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Review The Wolf Of Wall Street leonardo dicaprio

The Wolf Of Wall Street

Martin Scorsese’s ” The Wolf of Wall Street ” is abashed and shameless,
exciting and exhausting, disgusting and illuminating; it’s one of the most
entertaining films ever made about loathsome men.

Its star Leonardo DiCaprio has compared it to the story of the Roman emperor
Caligula, and he’s not far off the mark.

Adapted by Terence Winter from the memoir by stockbroker Jordan Belfort,
who oozed his way into a fortune in the 1980s and ’90s,

this is an excessive film about excess, and a movie about appetites whose own
appetite for compulsive pleasures seems bottomless. It runs three hours, and
was reportedly cut down from four by Scorsese’s regular editor Thelma Schoonmaker.

It’s a testament to Scorsese and Winter and their collaborators that one could
imagine watching these cackling swine for five hours, or ten, while still finding
them fascinating, and our own fascination with them disturbing. This is a reptilian
brain movie. Every frame has scales.

The middle-class, Queens-raised Belfort tried and failed to establish himself on Wall
Street in a more traditional way—we see his tutelage in the late ’80s at a blue chip firm,
under the wing of a grinning sleazeball played by Matthew McConaughey—but got laid
off in the market crash of 1987. He reinvented himself on Long Island by taking over a penny
stock boiler room and giving it an old money name, Stratton Oakmont, to gain the confidence
of middle- and working-class investors.

Per Wikipedia, at its peak, “the firm employed over 1000 stock brokers and was involved
in stock issues totaling more than $1 billion, including an equity raising for footwear company
Steve Madden Ltd.” Belfort and his company specialized in “pump and dump” operations:
artificially blowing up the value of a nearly worthless stock, then selling it at a big profit,
after which point the value drops and the investors lose their money.

Belfort was indicted in 1998 for money laundering and securities fraud, spent nearly two years
in federal prison and was ordered to pay back $110 million to investors he’d deceived.

Taking its cues from gangster pictures, “Wolf” shows how Belfort rose from humble origins,
becoming rich and notorious (the title comes from an unflattering magazine profile that caught
the attention of federal prosecutors). This Robin Hood-in-reverse builds himself a team of merry
men drawn from various sundry corners of his life. All have both given names and Damon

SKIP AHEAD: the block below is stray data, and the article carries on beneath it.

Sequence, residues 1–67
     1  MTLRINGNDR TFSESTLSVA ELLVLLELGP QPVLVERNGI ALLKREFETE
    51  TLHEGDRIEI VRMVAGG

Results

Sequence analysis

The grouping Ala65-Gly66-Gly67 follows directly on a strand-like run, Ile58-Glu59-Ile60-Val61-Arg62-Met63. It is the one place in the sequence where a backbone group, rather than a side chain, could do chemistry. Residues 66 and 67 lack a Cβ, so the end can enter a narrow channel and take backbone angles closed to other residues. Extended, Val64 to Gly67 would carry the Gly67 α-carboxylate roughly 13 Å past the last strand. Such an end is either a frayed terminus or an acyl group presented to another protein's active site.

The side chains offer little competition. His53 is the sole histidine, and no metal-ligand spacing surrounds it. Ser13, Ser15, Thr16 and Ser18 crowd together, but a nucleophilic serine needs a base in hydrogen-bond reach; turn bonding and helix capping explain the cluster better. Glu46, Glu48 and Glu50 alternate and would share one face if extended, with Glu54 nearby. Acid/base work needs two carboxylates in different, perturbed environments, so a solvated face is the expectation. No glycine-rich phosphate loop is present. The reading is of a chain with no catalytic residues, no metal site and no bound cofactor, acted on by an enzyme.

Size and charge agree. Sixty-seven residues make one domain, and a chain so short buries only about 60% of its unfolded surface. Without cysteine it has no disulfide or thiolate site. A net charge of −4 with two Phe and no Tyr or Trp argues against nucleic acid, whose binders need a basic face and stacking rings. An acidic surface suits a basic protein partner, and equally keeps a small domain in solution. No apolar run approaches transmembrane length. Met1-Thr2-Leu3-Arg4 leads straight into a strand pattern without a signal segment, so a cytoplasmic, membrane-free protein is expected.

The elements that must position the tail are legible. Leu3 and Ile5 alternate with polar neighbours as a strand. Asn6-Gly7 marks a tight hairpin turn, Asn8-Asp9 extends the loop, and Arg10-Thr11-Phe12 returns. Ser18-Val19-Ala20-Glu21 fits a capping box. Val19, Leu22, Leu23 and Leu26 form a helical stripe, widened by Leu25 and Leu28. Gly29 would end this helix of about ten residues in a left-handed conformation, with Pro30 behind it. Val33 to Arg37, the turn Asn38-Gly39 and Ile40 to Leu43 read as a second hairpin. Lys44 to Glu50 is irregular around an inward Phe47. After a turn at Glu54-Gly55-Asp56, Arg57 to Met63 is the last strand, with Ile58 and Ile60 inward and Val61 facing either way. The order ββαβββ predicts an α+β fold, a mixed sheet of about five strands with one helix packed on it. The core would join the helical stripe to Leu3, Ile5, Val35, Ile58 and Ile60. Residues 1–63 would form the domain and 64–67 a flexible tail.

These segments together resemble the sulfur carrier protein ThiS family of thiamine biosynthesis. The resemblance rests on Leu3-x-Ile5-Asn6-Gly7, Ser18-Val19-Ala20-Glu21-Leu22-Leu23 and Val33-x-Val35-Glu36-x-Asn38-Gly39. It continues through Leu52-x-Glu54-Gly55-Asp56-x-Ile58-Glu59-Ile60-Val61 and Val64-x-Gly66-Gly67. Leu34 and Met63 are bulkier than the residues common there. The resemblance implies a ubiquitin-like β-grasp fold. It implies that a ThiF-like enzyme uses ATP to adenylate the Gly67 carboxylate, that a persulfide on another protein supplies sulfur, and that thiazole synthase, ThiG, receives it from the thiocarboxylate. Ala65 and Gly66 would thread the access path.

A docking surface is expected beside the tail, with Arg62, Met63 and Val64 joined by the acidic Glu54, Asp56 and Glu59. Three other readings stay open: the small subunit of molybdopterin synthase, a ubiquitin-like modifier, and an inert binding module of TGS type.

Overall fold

Runyon-esque nicknames: Robbie Feinberg, aka “Pinhead” (Brian Sacca), Alden Kupferberg,
aka “Sea Otter” (Henry Zebrowski), the dreadfully-toupeed “Rugrat” Nicky Koskoff (P.J. Byrne),
“The Depraved Chinaman”

Chester Ming (Kenneth Choi), and Brad Bodnick (Jon Bernthal), a DeNiro-esque neighborhood hothead who’s known as the Quaalude King of Bayside. His office enforcer is his volcanic dad (Rob Reiner), who screams about expenditures and workplace sleaze, but often seems to live vicariously through the trading floor’s young wolves.

Belfort’s right hand man Donnie Azoff (Jonah Hill) is perhaps even more conscienceless than Belfort: a hefty wiseass with gleaming choppers who quits his job at a diner after one conversation with the hero, joins his scheme, helps him launder money, and introduces him to crack—as if Belfort didn’t have enough intoxicants in his system, on top of the adrenaline he generates by making deals and bedding every halfway attractive woman who crosses his path. As McConaughey’s character tells Belfort early on,

this subset of investing is so scummy that drugs are mandatory: “How the f— else would you do this job?” At one point a broker declares that they’re doing all that coke and all those Quaaludes and guzzling all that booze “in order to stimulate our freethinking ideas.”

Imagine the last thirty minutes of “GoodFellas” stretched out to three hours.

That’s the pace of this movie, and the feel of it. It’s one damned thing after another: stock fraud and money laundering; trips to and from Switzerland to deposit cash in banks (and give the increasingly wasted Belfort a chance to flirt with his wife’s British aunt, played by “Absolutely Fabulous” costar Joanna Lumley);

rock-and-pop driven montages with ostentatious film speed shifts (including a slow-motion Quaalude binge); and some daringly protracted and seemingly half-improvised dialogue scenes that feel like tiny one-act plays. The best of these is McConaughey’s only long scene as Belfort’s mentor Mark Hanna,

who at one point thumps a drum pattern on his chest while rumble-singing a la Bobby McFerrin; this eventually becomes the anthem of Belfort’s firm, and it’s weirdly right, as it suggests a tribal war song for barbarians on permanent rampage.

 

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